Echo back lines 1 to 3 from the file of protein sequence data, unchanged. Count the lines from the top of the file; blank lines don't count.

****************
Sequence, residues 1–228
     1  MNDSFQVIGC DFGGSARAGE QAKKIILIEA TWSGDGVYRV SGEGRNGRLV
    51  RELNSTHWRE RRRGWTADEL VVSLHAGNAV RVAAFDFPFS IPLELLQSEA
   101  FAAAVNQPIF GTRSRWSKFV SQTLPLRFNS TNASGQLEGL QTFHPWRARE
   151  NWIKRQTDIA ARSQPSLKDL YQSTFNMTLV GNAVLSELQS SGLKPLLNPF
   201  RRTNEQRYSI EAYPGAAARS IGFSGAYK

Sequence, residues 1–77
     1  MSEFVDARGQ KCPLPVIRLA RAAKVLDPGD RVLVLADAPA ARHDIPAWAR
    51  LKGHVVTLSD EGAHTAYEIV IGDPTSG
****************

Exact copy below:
Sequence, residues 1–228
     1  MNDSFQVIGC DFGGSARAGE QAKKIILIEA TWSGDGVYRV SGEGRNGRLV
    51  RELNSTHWRE RRRGWTADEL VVSLHAGNAV RVAAFDFPFS IPLELLQSEA